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‘A brilliant day’: UK and Ireland confirmed as Euro 2028 hosts

The Football Association’s chief executive officer, Mark Bullingham, hailed a “brilliant day” for the UK and Ireland after it was confirmed they will stage the men’s European Championship in 2028. He promised a national event that leaves no area of the host countries untouched.

Cardiff’s Millennium Stadium looks certain to hold the opening match with the semi-finals and final taking place at Wembley. It will be the highest-profile sporting event held in the UK since London 2012 and, for sheer scale, the biggest football tournament held on either island.

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Bullingham said the bid’s success vindicated the decision to prioritise it ahead of an attempt to host the 2030 World Cup and he believes it will herald a long-overdue transformation of the UK’s grassroots facilities.

“It’s something we’ve been working really hard on during the last few years,” he said. “We’re looking forward to putting on a fantastic tournament. It’s a brilliant day for the country.

“The stadia are spread throughout the whole of the country so everyone has an event within touching distance. It is critical that the whole country feels they are involved and we have that excitement throughout every part of the country.”

Ten venues have been confirmed in nine cities and Uefa has agreed for the first time that fan zones can be created in places not hosting games. It means regional centres such as Bristol, Brighton and Edinburgh could hypothetically play a part in the event while matches are played elsewhere.

Two stadiums, including Everton’s new ground at Bramley Moore dock, are yet to be completed. An element of doubt continues to surround Casement Park, the Northern Irish element of the bid. It involves the redevelopment of a dilapidated GAA stadium and the project, whose projected costs are thought to have exceeded £160m, has been hit by delays.

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Uefa has not made clear whether a contingency plan is in place. But the stadium has been backed by the UK and Irish governments and Patrick Nelson, the Irish FA chief executive, said he was confident it would be completed on time.

“We’re assured by the government [in UK and Ireland] that the funding will be made available for it,” he said. “We’re fairly sure it will fit within the timescales we need. We’re going to be working with Uefa a lot over the next five years and we’ll ensure that it’s all done.”

Euro 2028 stadiums

Nelson took a moment to reflect on the particular significance co-hosting Euro 2028 will hold for Northern Ireland. “I think George Best will be looking down and smiling on us. This is a fantastic day for all five [hosts] but especially for us: 25 years ago, the Good Friday agreement was signed and maybe at that time people would not have dreamed that we might be able to host something like this. Now we’re just five years away from doing it.”

Gareth Bale, who attended the brief announcement ceremony at Uefa’s headquarters in Nyon in his capacity as an ambassador for the bid, expressed hope that Euro 2028 would have a similar effect on Wales to the groundbreaking semi-final appearance his side made in 2016. “To have it on your doorstep, that atmosphere, those kids are going to be watching their idols and their heroes playing and I think that will inspire the next generation even more,” he said.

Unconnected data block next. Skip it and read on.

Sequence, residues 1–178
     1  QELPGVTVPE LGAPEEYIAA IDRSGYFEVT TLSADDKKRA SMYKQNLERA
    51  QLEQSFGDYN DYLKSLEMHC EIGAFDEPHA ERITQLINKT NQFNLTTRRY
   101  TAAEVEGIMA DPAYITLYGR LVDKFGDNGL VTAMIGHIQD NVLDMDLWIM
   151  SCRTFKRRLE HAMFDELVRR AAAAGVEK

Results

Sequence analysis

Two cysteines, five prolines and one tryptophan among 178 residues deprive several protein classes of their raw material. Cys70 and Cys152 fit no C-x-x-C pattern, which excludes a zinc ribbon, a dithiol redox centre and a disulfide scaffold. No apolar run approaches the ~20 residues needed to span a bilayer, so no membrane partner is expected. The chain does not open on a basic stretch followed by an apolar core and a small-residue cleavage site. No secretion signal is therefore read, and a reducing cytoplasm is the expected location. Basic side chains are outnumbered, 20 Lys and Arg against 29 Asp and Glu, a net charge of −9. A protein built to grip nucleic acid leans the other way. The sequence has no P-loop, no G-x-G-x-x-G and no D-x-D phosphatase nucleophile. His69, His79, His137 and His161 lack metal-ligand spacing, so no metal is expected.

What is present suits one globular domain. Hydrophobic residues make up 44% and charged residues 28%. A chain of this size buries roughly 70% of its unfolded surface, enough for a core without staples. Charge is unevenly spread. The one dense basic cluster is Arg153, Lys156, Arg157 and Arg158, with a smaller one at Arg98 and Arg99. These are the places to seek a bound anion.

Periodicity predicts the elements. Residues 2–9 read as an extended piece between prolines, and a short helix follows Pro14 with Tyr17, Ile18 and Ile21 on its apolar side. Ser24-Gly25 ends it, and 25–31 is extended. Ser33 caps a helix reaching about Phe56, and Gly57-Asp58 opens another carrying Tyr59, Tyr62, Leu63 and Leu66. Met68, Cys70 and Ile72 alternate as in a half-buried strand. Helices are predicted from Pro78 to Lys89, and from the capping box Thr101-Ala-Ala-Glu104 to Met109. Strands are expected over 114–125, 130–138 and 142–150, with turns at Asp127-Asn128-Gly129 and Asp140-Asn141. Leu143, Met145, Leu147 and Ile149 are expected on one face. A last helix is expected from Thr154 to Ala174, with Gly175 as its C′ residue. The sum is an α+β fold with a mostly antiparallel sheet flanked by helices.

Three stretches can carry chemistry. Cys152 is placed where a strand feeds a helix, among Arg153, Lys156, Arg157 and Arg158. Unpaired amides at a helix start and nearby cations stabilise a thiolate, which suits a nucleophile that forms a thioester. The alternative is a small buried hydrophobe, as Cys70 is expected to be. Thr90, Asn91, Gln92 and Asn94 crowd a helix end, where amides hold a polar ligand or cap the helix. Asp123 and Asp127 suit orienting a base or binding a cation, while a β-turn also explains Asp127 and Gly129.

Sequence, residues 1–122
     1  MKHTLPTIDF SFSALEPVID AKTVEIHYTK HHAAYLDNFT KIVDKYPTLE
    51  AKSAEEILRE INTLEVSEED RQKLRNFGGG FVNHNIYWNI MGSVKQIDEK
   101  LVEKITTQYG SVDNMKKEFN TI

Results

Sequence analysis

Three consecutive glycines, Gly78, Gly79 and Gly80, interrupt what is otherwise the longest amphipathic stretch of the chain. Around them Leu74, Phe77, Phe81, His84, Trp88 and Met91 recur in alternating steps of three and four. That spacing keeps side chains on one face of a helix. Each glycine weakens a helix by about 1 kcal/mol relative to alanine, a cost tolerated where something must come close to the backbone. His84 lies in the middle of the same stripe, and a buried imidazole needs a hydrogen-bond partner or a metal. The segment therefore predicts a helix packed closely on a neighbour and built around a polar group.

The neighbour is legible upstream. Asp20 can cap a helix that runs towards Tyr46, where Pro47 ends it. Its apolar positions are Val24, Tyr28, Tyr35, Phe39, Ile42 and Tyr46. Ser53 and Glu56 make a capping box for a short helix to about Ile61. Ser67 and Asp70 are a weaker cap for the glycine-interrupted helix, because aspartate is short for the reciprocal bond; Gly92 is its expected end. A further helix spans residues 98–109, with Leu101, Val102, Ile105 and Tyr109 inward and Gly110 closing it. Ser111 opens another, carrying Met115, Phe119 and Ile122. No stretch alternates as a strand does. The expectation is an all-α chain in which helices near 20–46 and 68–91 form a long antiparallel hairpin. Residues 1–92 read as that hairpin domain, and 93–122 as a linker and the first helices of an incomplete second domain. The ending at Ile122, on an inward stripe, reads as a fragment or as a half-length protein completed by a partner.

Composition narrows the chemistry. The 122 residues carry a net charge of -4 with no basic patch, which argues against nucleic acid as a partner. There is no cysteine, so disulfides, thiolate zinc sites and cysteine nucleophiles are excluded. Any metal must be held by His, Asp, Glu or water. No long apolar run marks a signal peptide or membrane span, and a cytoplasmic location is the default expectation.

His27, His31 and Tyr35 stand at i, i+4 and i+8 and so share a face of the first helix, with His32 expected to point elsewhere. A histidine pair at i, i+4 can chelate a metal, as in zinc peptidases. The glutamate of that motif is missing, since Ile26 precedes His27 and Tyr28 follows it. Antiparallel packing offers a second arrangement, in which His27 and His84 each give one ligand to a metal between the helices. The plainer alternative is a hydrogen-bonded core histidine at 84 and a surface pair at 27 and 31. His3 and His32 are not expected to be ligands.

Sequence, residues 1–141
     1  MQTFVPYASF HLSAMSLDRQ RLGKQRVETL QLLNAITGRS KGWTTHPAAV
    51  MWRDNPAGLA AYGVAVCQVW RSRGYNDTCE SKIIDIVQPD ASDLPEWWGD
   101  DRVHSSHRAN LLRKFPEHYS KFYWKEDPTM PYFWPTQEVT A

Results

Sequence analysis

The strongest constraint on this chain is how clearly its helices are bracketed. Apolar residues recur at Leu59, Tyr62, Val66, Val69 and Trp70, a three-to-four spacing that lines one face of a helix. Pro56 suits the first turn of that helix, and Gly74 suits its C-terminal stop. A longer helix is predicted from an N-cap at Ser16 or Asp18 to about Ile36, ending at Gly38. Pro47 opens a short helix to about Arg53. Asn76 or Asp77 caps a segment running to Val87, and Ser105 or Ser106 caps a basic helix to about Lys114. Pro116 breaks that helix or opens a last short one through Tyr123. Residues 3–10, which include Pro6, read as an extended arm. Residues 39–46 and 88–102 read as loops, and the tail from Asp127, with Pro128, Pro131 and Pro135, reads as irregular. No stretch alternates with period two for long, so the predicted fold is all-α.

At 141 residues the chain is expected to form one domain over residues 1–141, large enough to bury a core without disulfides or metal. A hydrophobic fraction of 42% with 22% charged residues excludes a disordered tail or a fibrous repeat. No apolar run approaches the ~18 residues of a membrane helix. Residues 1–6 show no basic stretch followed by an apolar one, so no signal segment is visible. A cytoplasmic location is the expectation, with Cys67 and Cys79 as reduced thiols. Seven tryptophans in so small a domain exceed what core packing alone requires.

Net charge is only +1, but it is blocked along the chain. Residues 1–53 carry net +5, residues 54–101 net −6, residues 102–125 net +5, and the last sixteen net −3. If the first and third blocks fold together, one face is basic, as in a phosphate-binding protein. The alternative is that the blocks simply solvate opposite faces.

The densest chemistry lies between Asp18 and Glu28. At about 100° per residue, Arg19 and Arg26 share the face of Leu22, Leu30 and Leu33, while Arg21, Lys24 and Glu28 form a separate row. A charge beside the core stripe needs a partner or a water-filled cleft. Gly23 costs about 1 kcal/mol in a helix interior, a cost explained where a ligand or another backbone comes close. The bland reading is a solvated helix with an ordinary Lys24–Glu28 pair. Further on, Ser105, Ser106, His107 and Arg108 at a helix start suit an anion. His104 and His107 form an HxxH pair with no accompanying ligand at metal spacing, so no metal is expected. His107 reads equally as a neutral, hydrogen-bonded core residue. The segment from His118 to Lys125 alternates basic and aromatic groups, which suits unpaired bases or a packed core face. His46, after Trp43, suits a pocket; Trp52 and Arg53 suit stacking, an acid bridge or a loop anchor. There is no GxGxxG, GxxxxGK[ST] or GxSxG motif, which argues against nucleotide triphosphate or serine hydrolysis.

Bullingham warmed to that theme by touching on a vital element of the tournament’s legacy. “We know as a country our facilities are an embarrassment and we know we lose a huge number of grassroots football games when the weather is bad,” he said. “So it is critical so we can transform our facilities and every kid has a local facility at a decent standard that they can use.”

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The UK government is injecting £550m into community facilities as part of its backing for the tournament.

The bid’s seeds were sown last year after the FAs elected not to pursue hosting Fifa’s showpiece in 2030. It was given a clear run after Italy and Turkey chose to concentrate on a joint bid for Euro 2032, which was also accepted on Tuesday.

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“We have never doubted we made the right decision,” Bullingham said. “We were choosing between two tournaments: one we felt we had a really good chance of winning, one we felt we at best would have been a real long-shot to win. We chose to go for 2028 and we are delighted we did; we think the announcement helps vindicate the decision.”

The host countries will go through qualification for Euro 2028, with two “safety net” berths for any who do not reach it on merit. Bullingham described it as “an easy discussion had early on” from England’s perspective, emphasising the benefit of competitive games. It is unclear how the reserve places will be distributed if, for example, three of the nations fail to qualify. Noel Mooney, the Football Association of Wales chief executive, said he believed the fairest tiebreaker would be measurement of performance in the years before the tournament.

Rishi Sunak cited the successful hosting of the women’s Euro 2022, which was won by England, as proof of the new bid’s strength. “We host tournaments better than anyone else,” he said. “It’s going to be a massive boost for the economy. We’re going to welcome millions of people to the country and it’s going to inspire a whole new generation.”